Develop a new EVP by first revisiting your pre-existing to see if it’s still resonating and aligned with the current climate.

6. Create EVP led content going forward

After you’ve checked your EVP to ensure it still stands up during this crisis, you should allow your EVP to guide the direction of the content you’re developing and sharing right now, advises Debbie.

You might consider creating and sharing content that demonstrates your EVP in action. Some of the content types that are resonating with people now include:

  • Employee generated content
  • Everyday hero stories
  • Examples of how the company is supporting employees, candidates, customers and the community

Chantell Cooper, Director of Talent Acquisition at Arbonne International

Session: “Recruiting With Purpose in a Post-COVID World”

7. We will get through this stronger than ever by focusing on our purpose

Chantell has worked in the recruiting industry for 15 years. At RallyFwd, she shared her story of going through the recession back in 2008 while working at Robert Half. While it was a difficult time, due to hiring slow-downs and layoffs, Chantell forged her way through and believes we will persevere to the other side of this crisis too.

In fact, these types of challenging circumstances can be a great time to re-examine our purpose. Why do we work in this space? What do we love about our jobs? This is a great time to ask those types of questions, focus in on what you love most and grow in that area to emerge from the fire stronger than ever.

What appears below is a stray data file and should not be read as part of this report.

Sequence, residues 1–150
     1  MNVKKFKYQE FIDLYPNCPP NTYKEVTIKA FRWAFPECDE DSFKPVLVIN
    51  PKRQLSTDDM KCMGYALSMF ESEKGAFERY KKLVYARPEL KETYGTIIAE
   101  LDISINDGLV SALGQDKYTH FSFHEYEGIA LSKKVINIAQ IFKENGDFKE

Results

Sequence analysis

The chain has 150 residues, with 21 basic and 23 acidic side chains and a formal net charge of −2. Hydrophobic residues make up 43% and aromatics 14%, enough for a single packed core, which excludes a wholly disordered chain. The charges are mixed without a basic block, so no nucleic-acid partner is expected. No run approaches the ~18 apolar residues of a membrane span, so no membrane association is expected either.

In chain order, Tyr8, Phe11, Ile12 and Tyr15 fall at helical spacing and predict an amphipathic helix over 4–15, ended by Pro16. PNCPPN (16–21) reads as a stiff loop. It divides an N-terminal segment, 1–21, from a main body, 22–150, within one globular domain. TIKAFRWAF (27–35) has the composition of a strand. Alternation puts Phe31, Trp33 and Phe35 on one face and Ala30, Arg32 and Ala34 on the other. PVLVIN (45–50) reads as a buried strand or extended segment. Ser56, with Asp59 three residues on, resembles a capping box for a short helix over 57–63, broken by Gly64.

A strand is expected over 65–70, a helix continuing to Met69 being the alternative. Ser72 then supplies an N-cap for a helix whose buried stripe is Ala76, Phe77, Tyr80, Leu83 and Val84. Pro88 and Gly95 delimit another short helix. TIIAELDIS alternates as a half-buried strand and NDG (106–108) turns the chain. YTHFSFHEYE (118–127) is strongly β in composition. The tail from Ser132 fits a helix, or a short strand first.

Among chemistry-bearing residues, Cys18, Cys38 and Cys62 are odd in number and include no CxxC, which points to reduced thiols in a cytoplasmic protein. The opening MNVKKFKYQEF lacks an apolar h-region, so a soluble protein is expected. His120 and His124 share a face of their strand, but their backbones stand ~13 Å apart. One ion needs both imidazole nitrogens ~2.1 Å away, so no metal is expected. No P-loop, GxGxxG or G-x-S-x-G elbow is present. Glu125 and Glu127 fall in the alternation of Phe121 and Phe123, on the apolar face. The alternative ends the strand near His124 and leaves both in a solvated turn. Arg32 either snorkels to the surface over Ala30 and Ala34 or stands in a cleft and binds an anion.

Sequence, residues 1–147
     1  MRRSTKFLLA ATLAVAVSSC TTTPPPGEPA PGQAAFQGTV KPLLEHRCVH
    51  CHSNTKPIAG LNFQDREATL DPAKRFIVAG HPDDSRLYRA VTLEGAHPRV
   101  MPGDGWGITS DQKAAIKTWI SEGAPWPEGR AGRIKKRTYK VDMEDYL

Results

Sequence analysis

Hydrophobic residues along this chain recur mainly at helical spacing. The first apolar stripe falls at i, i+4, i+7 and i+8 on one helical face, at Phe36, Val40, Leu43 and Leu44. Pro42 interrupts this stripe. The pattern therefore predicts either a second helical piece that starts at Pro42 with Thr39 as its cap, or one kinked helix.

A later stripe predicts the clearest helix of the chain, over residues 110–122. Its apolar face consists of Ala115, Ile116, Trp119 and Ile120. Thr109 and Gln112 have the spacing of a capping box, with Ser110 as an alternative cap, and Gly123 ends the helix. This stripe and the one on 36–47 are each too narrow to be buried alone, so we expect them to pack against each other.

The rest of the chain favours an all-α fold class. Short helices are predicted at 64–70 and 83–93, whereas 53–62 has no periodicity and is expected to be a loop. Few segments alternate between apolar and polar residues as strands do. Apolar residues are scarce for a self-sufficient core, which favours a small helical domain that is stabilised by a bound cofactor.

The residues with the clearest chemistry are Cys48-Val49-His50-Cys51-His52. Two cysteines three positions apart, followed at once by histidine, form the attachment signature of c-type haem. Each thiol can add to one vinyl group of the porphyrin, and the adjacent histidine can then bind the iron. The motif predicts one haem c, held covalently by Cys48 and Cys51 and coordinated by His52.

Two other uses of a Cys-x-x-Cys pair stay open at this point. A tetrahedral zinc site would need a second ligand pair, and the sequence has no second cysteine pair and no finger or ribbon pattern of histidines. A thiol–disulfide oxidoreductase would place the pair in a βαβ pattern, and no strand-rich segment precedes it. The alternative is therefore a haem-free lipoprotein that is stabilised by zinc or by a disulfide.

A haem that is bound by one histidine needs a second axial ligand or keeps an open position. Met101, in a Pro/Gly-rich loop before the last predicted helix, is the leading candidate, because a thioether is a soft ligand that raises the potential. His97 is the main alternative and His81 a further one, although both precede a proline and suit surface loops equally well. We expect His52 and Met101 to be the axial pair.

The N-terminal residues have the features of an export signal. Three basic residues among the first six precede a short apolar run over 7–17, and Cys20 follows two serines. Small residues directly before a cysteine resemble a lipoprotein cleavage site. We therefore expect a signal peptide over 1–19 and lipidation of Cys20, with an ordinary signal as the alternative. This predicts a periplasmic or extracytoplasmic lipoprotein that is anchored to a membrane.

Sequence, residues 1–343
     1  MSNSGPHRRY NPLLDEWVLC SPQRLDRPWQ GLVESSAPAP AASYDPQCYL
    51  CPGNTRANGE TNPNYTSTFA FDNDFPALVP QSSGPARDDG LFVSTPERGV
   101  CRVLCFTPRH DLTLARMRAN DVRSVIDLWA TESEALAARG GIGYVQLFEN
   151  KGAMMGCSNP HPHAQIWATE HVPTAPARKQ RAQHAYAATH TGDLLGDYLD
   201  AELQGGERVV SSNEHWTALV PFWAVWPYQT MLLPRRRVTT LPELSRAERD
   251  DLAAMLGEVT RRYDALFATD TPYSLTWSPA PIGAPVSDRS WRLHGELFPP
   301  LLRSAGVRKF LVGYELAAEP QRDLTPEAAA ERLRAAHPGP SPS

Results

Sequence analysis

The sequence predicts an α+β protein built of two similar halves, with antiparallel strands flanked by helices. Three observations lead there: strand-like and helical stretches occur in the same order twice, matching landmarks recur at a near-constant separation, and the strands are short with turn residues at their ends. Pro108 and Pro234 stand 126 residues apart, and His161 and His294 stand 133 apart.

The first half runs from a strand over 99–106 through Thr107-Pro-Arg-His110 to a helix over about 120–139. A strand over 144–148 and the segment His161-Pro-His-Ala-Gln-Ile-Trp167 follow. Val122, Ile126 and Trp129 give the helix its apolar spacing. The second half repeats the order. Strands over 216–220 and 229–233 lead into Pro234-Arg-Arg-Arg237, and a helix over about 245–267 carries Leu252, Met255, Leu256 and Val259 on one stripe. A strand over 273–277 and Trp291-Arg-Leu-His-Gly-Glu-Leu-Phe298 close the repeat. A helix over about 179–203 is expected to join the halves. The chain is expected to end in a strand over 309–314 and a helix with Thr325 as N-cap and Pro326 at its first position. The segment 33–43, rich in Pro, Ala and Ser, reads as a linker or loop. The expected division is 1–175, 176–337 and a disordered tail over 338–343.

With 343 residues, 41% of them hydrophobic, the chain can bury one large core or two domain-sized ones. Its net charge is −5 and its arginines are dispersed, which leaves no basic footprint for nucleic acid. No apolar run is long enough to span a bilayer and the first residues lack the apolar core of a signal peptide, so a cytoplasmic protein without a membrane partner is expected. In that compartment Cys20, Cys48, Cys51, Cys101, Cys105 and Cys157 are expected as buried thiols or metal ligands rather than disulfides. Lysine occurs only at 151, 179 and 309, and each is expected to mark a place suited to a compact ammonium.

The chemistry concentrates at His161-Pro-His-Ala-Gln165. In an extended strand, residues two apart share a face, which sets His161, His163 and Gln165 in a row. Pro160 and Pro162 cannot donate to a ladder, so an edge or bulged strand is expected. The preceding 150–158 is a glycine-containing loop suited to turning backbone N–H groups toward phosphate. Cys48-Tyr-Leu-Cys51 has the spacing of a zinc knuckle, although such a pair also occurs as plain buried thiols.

8. Purpose-driven organizations will attract candidates

Even before this crisis, many candidates were beginning to become more driven by purpose than paycheck. And while Chantell points out that compensation and stability may take priority for many candidates right now to ensure they have a livelihood, once the crisis is behind us, purpose will become important again.

Even now at Arbonne, candidates are asking about the company’s purpose and how employees are being treated. Chantell said that people are paying attention to the way companies are treating candidates, customers, employees and their communities. And after this crisis is over, people are going to remember how your organization demonstrated its purpose, which will influence career decisions.

9. Find the courage to speak up and redefine your role

Leading with your employer brand and redefining your role takes courage. No matter what factors might be limiting your courage (and we all have challenges holding us back!), we need to try to be strong and speak up as advocates for our employees, brands and careers.

Chantell did this by speaking up during a leadership meeting with her Chief People Officer. She asked how the company was giving back and if there was anything they could communicate publicly. By speaking up and showcasing her awareness of the fact that the company needed to be part of the conversation, Chantell earned her seat at the table.

Charlotte Marshall, Global Employer Brand Lead at Danaher Corporation

Session: “Give & Get Employer Branding”

10. Consider candidates’ inward motivations — as well as outward motivations — to attract better fit candidates

According to Charlotte, many of us have been focused exclusively on outward candidate motivations when creating EVPs and employer brand content.